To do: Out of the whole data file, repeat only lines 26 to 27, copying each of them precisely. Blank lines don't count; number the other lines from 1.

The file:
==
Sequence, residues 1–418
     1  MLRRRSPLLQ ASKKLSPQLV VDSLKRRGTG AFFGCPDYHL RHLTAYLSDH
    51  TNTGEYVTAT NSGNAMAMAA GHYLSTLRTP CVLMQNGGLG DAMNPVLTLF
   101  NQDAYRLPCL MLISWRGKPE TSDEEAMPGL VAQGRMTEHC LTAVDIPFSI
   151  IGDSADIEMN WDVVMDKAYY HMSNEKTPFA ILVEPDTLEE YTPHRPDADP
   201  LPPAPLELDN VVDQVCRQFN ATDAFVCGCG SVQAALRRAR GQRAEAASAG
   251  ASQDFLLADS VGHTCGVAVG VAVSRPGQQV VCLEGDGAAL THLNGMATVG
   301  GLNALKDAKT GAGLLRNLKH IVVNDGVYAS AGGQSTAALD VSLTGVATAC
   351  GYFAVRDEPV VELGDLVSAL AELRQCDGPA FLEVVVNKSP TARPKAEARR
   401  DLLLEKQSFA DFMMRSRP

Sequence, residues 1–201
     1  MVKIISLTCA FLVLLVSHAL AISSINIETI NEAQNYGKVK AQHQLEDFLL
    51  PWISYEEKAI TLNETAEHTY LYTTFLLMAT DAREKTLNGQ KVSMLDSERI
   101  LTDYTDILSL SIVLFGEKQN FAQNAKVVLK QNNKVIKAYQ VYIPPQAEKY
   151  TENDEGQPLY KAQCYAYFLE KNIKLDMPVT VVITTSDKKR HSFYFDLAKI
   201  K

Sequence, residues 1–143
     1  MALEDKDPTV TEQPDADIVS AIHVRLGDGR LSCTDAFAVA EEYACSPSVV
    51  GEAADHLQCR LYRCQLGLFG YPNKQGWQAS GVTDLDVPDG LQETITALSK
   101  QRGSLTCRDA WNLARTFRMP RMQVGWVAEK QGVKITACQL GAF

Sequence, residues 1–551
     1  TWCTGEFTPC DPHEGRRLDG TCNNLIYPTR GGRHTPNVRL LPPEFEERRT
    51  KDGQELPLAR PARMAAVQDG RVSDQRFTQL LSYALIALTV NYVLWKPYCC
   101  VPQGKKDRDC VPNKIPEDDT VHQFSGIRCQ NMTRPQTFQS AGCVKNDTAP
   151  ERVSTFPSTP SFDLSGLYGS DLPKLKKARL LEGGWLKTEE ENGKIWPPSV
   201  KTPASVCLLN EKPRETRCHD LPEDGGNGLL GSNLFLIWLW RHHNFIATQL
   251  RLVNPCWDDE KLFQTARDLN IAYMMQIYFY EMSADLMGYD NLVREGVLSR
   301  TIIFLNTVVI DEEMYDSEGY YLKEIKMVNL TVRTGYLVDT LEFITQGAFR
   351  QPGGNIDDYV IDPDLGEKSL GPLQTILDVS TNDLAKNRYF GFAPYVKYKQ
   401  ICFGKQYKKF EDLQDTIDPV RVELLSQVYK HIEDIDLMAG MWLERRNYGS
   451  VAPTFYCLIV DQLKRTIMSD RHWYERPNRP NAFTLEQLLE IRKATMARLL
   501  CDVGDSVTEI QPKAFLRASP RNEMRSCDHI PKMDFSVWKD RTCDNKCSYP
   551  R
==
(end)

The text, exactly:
   201  KTPASVCLLN EKPRETRCHD LPEDGGNGLL GSNLFLIWLW RHHNFIATQL
   251  RLVNPCWDDE KLFQTARDLN IAYMMQIYFY EMSADLMGYD NLVREGVLSR